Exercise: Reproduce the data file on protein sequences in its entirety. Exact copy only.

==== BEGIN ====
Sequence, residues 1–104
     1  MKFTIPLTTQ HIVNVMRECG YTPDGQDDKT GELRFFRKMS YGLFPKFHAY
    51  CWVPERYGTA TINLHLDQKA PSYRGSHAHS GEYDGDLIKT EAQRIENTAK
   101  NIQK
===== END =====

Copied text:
Sequence, residues 1–104
     1  MKFTIPLTTQ HIVNVMRECG YTPDGQDDKT GELRFFRKMS YGLFPKFHAY
    51  CWVPERYGTA TINLHLDQKA PSYRGSHAHS GEYDGDLIKT EAQRIENTAK
   101  NIQK